Gaming has been steadily on the rise for years but the pandemic was a boon for the industry, catapulting it to record levels of revenue and usage. To understand what entertainment and gaming habits will look like in a post-pandemic world, Activision Blizzard Media conducted research on consumer entertainment changes over the course of 2020. The company announced the findings during a segment in its Cannes Lions Live content series, “The Future of Gaming.”

In “How Gaming Found Increased Purpose in 2020,” Activision Blizzard vice president of global business marketing, measurement and insights, Jonathan Stringfield, discusses the implications for marketers trying to keep up with the shifting behaviors of gamers.

According to the research, conducted by Activision Blizzard in conjunction with MFour Mobile Research and OMG Research, there was a 91 percent increase in digital media consumption, with shopping apps, short form video, streaming and gaming among the top forms of media consumed. Below we break down the key takeaways from Stringfield’s analysis.

Social Connectivity

Given the solitude experienced by many last year, social connectivity was found to be a primary purpose of digital media consumption, according to the research, notes Stringfield. Specifically, of those who were newer or returning to gaming last year, roughly 40 percent indicated social connectivity as one of the primary reasons for engaging with it. Games like Animal Crossing: New Horizons is a perfect example of how consumers found a medium in which to relax and socialize with others in a virtual world. Innersloth’s online multiplayer game Among Us marks another example of how friends and coworkers interacted in a natural and fun way during lockdowns.

Stringfield reports that although all age groups turned to games as the medium through which they connected with family and friends, it was parents in particular who were some of the “biggest gamers out there.” Given that they were called upon to parent even more—to act as a teacher at times while juggling work from home—gaming played an integral role in how they connected with their children. Gaming also enabled them to achieve a sense of escapism and decompress amid the chaos of the year.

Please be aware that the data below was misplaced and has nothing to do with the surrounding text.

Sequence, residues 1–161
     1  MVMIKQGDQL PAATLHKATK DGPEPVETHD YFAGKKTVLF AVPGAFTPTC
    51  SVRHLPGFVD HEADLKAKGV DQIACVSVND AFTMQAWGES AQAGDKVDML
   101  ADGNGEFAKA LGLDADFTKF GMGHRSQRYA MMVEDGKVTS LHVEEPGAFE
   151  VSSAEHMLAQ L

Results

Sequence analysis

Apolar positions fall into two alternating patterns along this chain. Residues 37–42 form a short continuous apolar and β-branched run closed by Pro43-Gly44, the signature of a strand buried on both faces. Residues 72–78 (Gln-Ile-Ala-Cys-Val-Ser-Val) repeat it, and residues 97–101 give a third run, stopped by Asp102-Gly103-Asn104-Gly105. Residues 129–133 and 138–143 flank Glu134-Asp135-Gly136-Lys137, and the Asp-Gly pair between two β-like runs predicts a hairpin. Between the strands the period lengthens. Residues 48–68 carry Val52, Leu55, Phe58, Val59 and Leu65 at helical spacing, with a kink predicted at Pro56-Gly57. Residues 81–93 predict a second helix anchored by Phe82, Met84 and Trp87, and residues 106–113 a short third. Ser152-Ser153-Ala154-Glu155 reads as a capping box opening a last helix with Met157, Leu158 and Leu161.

Of the 27 percent of individuals who reported being new to gaming in 2020, over 76 percent stated that they were revisiting, according to the research. Given that the majority of gamers last year weren’t new to gaming, Stringfield is frequently asked the billion-dollar question: will individuals stick with it in a world quickly reopening and returning to normal?

Simply put, video games will be a part of our media ecosystem in the long haul. Roughly 73 percent of individuals surveyed intend on maintaining habits like gaming. This isn’t a conclusive answer, so only time will tell how the current patterns shift and evolve. But as Stringfield notes, given that human behavior tends to change fairly slowly, the research points to the probability that gaming isn’t a “one-and-done” for 2020.

Emotional Need

In addition to the social connectivity that multiplayer and online games afforded consumers, respondents reported feeling emotions such as happiness, calmness and the feeling of being entertained while playing games.

Among the individuals that increased streaming video consumption, that uptake was almost synonymous with video games at  about 76 percent. Stringfield says that this finding highlights a “strategic blind spot” in the industry that video games are as fundamental to individuals’ media ecosystems as other entertainment forms like streaming, which most would consider indispensable today.

Implications For Brands

Activision Blizzard’s research solidified that digital media played the role of “the hero” for individuals throughout 2020. Now brands have an opportunity to capitalize on consumers’ growing relationship with games, namely integrating with these platforms in a way that’s mindful of the need states that users have for engaging with them.

Stringfield says that it’s imperative brands integrating in this space understand why individuals come to these platforms. Doing so will create connections with them that are stronger than the connection otherwise created by advertisements that ignore the game’s context and purpose. Integration should be seamless enough to the core experience so that individuals are not broken away from the platform or miss out on the benefits they derive from them.

To answer the question of whether video games are here to stay, Stringfield affirms that gaming has been on the rise for years, so the numbers witnessed in 2020 were only building on a trend that’s been in the making. And the games won’t just be played by tweens, but by all cohorts — millennials, Gen Z and older generations.